|« Back to article
|Print this article
Gulmarg, once an alpine retreat, isn't what it used to be. But its rolling meadows, wildflowers and deodars are still magical.
Often, the memories of holidays are much sweeter than the holidays themselves.
In our memories, we tend to glorify those sunny days and balmy nights of leisure until they bear little semblance to reality.
Sometimes, however, one finds oneself in a place that's very different from the memories of it.
That's how I feel in Gulmarg, where the ghostly memories of holidays past peep at me, half-hidden behind wildflowers and deodars, the log huts and the mountains themselves. With every glimpse of these ghosts, I see how Gulmarg was, and maybe, how it could be...
The reminiscences began pouring in as soon as we began planning a family vacation to Gulmarg.
"In the 1970s, we'd ride ponies up to Affarwat peak," said my cousin Anita.
"It was a slice of heaven on earth in the summer, with wildflowers everywhere and grassy meadows stretching right up to the snow line!"
She was talking of the days before the gondola, one of the highest ropeways in Asia with a total aerial distance of 5 km.
"How pristine and peaceful it used to be!" she reminisced.
Weeks later, as our car pulls into Gulmarg, I remember her wistful reminiscences.
Gulmarg's famed meadows and hillsides, which turned lilac with extravagant shows of wild lupin, are exactly as she'd described.
They say that there are 21 different kinds of wildflowers exclusive to Gulmarg alone, and I can well believe it.
Beyond the meadow, the snowy peak of Affarwat stands sentinel.
And betwixt the two, the thick pine forest lies, practically begging to be explored.
A classic alpine landscape, I muse, rolling down my window for a better view. And my view changes.
The pungent odour of horse dung assails my senses.
As we near the Gondola stand, there are so many horses that we find ourselves in an equine traffic jam.
They jostle against each other, cars and pedestrians with equal disdain.
There's a chaotic line for the gondola as ill-equipped tourists queue up to ascend 14,000 feet to see the snow.
Catering to them are scores of vendors selling everything from synthetic-looking kahwa (local saffron tea with almonds) to fake branded sunglasses.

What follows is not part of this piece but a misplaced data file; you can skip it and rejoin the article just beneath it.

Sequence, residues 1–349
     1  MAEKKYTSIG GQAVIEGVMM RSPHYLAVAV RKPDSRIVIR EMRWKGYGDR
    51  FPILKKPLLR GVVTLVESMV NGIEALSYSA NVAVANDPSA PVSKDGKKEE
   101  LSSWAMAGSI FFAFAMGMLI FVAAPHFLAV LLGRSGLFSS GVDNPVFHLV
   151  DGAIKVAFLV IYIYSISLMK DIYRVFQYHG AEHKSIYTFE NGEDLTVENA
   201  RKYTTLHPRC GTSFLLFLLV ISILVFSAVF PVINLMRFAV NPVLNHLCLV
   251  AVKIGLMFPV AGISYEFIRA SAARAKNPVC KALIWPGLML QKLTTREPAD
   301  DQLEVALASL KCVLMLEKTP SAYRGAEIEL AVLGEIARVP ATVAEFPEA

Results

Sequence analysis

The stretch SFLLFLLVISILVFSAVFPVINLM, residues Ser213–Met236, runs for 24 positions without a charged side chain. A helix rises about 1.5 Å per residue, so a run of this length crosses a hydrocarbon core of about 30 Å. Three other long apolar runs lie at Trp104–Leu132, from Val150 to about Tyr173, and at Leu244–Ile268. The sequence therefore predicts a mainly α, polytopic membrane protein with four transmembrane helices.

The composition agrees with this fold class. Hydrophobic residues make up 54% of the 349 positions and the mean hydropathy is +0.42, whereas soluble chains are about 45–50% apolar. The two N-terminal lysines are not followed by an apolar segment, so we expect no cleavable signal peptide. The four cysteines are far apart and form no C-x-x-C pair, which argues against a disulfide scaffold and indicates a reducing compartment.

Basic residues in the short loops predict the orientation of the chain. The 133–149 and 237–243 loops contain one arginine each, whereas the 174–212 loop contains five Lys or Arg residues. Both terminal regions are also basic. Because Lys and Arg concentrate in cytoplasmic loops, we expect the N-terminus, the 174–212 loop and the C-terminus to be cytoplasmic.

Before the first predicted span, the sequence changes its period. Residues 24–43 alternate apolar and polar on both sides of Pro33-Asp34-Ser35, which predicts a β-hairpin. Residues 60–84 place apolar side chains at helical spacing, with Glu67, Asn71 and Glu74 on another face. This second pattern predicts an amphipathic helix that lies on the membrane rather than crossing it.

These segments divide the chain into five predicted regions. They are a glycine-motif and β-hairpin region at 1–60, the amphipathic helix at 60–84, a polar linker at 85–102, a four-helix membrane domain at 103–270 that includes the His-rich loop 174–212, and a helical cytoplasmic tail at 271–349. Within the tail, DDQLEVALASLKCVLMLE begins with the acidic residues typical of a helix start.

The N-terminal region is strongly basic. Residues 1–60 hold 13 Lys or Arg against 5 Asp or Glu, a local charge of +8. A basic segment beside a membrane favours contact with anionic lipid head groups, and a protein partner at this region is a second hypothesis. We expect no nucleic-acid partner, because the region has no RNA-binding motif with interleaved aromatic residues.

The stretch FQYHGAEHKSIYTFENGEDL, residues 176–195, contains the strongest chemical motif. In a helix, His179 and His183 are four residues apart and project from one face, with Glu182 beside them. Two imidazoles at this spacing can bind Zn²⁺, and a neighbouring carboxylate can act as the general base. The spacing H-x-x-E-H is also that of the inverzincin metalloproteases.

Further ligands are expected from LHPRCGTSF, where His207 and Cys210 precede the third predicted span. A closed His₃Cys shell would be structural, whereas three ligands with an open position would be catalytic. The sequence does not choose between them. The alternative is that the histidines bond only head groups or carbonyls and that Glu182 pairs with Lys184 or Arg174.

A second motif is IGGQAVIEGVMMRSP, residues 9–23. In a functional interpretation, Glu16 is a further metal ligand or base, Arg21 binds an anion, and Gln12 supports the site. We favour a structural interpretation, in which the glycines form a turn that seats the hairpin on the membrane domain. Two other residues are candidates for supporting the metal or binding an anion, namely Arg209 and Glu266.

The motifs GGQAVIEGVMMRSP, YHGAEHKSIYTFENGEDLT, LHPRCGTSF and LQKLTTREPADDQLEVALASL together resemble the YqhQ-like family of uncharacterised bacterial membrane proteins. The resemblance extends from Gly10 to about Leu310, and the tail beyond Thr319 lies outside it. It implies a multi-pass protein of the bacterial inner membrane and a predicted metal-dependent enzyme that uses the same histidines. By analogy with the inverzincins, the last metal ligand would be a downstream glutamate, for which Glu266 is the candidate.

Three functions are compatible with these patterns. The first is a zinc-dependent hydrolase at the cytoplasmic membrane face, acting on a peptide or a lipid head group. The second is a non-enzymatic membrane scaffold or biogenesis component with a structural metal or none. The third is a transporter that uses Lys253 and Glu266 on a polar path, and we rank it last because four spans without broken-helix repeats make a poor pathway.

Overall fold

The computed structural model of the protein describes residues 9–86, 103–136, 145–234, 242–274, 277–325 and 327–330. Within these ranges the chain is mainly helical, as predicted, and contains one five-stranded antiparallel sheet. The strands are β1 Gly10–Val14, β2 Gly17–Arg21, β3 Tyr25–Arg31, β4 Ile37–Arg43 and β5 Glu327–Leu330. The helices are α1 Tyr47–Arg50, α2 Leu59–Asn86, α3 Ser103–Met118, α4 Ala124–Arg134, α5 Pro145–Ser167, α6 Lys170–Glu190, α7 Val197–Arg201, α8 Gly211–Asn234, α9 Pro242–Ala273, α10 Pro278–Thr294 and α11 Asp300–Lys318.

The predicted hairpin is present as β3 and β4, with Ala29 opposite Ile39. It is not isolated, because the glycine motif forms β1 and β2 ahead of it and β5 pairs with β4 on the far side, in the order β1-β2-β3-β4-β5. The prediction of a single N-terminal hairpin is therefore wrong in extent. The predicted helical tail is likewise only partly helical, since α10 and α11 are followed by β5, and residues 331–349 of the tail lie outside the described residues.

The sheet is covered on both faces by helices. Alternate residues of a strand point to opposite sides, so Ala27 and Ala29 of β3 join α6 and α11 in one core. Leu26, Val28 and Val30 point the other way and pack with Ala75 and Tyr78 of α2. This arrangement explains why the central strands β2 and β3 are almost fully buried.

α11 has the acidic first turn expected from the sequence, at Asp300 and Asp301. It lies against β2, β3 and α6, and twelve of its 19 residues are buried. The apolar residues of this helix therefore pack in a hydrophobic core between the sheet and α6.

Ladies stomp around in salwar suits and rented Wellington boots.
Touts and guides sell over-priced packages to any tourist they can find.
Ah, the joys of an Indian hill station in summer!
Luckily, the Khyber, the hotel we've booked, is away from all the madness.
My father-in-law, also with us on the holiday, has spent many a childhood summer in Gulmarg in his family’s summer home overlooking the golf course.
Visibly rattled by the chaos near the gondola stand, he's momentarily soothed by the lovely Kashmiri architecture of the Khyber.
We sip kahwa (the real stuff, not the bilge that the vendors were selling in plastic samovars earlier) as he recalls the Gulmarg of his youth.
"I remember playing tennis in Hotel Needous," he says.
Established in 1888, this hotel, along with the tiny church in the middle of the meadow (now golf course), pretty much ruled Gulmarg's social life.
"I was a young boy when a strapping, handsome man asked if I'd like to play tennis with him. I assented. Much later, I realised my tennis partner was none other than Bollywood legend Raaj Kumar!"
Gulmarg today is far removed from the elegant alpine retreat he describes.
Day trippers visit in droves, hanging around the main village centre having tea, Maggi and pakodas.
The meadows, however, are still as beautiful as ever, and Needous is going strong, though a little frayed around the edges.
We walk up behind the golf course to see the family hut, which had burnt down in a fire.
Its charred structure still stands, a desolate ghost of a bygone era.
The next morning, we set off to the top of Affarwat Peak in the gondola.
The hotel staff tells us that the only way to beat the crowds is to reach the counter at least half an hour before it opens at 9 am.
From the vantage of the cable car, the views are spectacular, as I recall my cousin’s reminiscences of going up on ponies.
Clouds swirl around us as we cross the snowline.
In a trice, they clear, leaving behind impossibly blue skies with a few scuttling clouds and an expanse of snow beneath as far as the eye can see.
At 14,000 feet, the altitude needs a little getting used to.
Even though the peak is crowded with tourists, the view is breathtaking.
We eschew the usual tourist traps (kahwa and sleds), but assent to over-priced ski rides -- joyrides behind a skier which take us to a quieter part of the mountain.
The Line of Control is in plain sight, with a sentry guarding his lonely post.
Later, in the pine forest above the meadows, we admire a clump of primroses over which legions of butterflies flutter.
I recall my father-in-law's disappointment with modern Gulmarg the previous evening.
"It's nothing like it used to be," he'd pronounced.
Of course it isn't.
Yet the ghosts of holidays past whisper in my ear that there’s so much more that Gulmarg can be...
ALSO READ Why every Indian needs to visit Kashmir
Did you recently visit an interesting place?
Do you want to share your travel story and pictures?
Simply write in to firstname.lastname@example.org subject line: 'My Travel Story'), along with pictures of the destination you're writing about. We'll publish the best ones right here on rediff.com!
Please click NEXT to see more photographs...